Crowd of people. I was in a crowd of people and not one person came to my aid. Not one person asked if I was ok. Not one person even looked at me. I was in a crowd of people. It left me wounded. Where was the humanity in humans? Why wasn’t I helped? Why wasn’t the man stopped? Why did everyone look away? Was it because I was covered? Was it because I had it coming? That night I cried. I cried for all the sisters that struggled day in and day out with wearing their Muslim attire and having to face such hate. I knew I was lucky. The man hadn’t physically hurt me. I knew of sisters who had been beaten, sisters who had broken bones, and sisters who carried internal and external bruises. And regardless of their pain they still walked proud with their hijabs and niqabs. And I cried for myself, it was the first time in so many years that I felt afraid to walk out of the house because of my niqab.

In bed that night I thought things through. Even though I was on a busy street I was still alone, living in New York you can’t always have someone with you. So what would have happened if I was really physically attacked and pummeled? I’m 5’ 2”, less than a 100 pounds and all I would have done was taken the pounding, probably gained a few broken bones and a damaged mentality. I had to do something. I needed to be able to protect myself. So I made the decision of finding a place that held self-defense classes for women. It was a trip.

I googled and called and googled again. I couldn’t find anything in Brooklyn that had such a facility. I was disappointed.  But not discouraged. Maybe I can have private lessons… was my next thought.  I called Midwood Martial Arts and spoke to the sensei there asking for a female teacher who was willing to give me private lessons. And lo and behold, the sensei agreed.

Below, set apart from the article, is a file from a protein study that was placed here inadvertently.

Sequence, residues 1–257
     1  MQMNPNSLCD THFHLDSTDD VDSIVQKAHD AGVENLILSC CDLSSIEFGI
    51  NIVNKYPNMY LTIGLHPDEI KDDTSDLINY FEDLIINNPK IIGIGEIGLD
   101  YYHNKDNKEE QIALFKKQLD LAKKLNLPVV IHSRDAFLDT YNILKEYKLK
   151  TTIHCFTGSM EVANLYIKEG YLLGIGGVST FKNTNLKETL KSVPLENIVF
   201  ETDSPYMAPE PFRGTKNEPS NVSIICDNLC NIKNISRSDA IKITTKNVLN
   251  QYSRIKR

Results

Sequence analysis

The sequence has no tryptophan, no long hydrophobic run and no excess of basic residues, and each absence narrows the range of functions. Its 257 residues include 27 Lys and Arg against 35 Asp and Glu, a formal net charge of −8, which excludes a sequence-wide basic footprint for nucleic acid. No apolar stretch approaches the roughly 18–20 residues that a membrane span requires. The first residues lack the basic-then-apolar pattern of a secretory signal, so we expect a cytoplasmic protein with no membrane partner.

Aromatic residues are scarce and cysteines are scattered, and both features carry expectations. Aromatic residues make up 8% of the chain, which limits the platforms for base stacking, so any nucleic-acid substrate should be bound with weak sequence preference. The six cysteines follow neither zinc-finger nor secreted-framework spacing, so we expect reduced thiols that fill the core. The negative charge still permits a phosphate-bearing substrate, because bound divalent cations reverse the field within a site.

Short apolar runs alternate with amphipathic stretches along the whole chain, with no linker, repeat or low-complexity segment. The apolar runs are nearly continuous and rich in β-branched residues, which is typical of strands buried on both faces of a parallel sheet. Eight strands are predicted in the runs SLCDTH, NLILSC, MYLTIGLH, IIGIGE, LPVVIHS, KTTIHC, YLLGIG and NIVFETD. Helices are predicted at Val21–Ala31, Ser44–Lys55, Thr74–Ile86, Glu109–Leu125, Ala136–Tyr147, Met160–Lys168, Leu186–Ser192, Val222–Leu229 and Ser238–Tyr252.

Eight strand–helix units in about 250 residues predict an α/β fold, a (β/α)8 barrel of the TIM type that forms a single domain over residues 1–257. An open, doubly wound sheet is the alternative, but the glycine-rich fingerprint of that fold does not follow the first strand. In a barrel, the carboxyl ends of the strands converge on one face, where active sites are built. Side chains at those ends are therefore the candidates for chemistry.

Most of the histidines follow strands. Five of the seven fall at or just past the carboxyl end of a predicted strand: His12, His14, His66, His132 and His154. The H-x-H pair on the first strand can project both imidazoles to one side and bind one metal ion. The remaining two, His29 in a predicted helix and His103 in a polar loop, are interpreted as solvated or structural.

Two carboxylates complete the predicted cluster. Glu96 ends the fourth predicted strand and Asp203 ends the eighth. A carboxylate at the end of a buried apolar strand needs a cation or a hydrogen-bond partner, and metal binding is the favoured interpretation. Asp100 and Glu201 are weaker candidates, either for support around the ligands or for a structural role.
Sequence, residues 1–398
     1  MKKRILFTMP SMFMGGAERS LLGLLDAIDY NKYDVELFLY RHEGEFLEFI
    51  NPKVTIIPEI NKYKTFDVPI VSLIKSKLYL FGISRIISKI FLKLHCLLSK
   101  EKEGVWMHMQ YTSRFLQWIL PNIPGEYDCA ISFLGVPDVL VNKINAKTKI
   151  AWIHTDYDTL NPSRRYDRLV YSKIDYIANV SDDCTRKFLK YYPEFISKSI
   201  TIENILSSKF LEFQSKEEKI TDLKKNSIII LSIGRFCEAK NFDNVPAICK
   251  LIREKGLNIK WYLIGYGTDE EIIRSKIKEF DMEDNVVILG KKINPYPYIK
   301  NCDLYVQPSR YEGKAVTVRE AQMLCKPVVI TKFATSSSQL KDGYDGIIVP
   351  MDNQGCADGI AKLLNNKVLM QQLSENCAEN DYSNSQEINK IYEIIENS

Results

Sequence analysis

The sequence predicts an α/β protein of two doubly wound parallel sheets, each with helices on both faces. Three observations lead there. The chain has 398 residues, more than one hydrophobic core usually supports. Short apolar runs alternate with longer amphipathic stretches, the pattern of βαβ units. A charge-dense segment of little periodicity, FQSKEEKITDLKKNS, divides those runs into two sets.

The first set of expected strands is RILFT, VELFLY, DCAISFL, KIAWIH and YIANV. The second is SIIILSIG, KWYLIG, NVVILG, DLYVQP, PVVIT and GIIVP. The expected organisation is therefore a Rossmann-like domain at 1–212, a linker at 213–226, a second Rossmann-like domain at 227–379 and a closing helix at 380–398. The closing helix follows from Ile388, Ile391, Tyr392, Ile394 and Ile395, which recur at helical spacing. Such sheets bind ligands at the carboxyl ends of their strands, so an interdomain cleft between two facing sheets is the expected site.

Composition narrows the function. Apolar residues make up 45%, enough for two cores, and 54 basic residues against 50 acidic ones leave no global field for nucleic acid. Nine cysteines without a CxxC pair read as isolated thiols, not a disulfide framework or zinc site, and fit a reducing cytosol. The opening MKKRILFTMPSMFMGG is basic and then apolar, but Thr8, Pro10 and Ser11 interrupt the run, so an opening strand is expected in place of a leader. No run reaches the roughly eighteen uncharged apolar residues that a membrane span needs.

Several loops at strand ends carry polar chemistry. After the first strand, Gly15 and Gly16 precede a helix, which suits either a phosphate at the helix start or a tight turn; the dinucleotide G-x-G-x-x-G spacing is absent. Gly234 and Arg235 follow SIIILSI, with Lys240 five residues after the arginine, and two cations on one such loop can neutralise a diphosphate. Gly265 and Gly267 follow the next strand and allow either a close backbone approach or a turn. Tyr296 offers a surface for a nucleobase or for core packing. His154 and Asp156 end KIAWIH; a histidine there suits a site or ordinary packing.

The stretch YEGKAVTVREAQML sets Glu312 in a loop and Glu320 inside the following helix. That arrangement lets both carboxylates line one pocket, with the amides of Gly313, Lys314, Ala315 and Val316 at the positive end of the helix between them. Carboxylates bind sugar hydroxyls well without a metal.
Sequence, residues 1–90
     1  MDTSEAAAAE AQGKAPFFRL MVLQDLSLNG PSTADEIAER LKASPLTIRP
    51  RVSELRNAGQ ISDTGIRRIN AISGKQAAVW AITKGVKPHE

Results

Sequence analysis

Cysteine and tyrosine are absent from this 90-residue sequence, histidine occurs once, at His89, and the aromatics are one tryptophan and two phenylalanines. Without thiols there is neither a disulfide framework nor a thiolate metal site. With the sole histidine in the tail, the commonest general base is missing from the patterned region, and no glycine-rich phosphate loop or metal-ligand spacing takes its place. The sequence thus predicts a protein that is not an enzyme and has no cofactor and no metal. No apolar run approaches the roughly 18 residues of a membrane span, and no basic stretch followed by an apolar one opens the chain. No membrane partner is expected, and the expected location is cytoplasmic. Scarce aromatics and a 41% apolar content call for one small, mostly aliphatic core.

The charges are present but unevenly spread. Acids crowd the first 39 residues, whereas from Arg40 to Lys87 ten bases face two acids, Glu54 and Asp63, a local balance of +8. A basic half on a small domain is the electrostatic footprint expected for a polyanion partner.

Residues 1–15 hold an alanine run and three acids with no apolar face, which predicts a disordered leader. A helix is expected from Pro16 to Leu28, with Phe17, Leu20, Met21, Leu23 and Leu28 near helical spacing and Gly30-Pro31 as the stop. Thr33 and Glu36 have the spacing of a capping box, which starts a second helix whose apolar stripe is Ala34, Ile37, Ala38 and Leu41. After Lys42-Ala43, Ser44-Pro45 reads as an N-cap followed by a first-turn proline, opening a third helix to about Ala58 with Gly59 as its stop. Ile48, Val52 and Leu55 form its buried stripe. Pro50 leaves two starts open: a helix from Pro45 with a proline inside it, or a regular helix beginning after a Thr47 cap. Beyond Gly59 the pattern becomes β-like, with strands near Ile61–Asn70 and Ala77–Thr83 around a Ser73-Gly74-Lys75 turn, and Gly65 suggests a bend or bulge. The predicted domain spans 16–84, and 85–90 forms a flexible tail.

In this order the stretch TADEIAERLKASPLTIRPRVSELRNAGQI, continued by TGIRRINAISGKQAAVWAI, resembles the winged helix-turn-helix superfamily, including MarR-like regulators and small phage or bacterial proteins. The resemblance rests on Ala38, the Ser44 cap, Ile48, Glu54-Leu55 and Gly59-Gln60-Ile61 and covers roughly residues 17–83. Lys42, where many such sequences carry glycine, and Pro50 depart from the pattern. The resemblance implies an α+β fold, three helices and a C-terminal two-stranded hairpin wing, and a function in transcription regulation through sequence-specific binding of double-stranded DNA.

I went to the dojo the following week and talked to sensei Alison who listened to my account of being attacked. We started training. I trained privately with her for about a month, as we trained I talked to her about how at first, I was looking for a female instructor and was also hoping that the class would cater to women only. Not just Muslim women but women who just felt comfortable with having a female class and a female teacher. And what did the sensei say?  “Soniya, if we can bring in women to the dujo for an all female class then I can bring myself into train them.”  From there slowly but surely we gained a class of women from Pakistan, Germany, Israel, Muslim women, Jewish women, Christian women, mothers, daughters, students, nurses.

Who would have known that an incident that kept me avoiding crowds, and kept me crossing streets to avoid people coming from the opposite direction would have led to something so dynamic?

Gareth Bryant/2013

Some Brief Islamic-History (Islam’s female version of the “Dream-Team”):

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Author’s note:

I’ve written this exclusively to address the fallacies of people whom are Islamophobic, who state that Islam has no respect for women, and that it’s even religiously-sanctioned in Islam to mistreat women, all of which are complete not at all true.  However, ironically, unfortunately, sadly, there are Muslims out there who attempt to justify the abuse of women via the religion of Islam. What my writing is merely meant to do is to highlight just some of so many known female figures in Islam, whom Allah has honored to such a magnified degree.

1. Eve-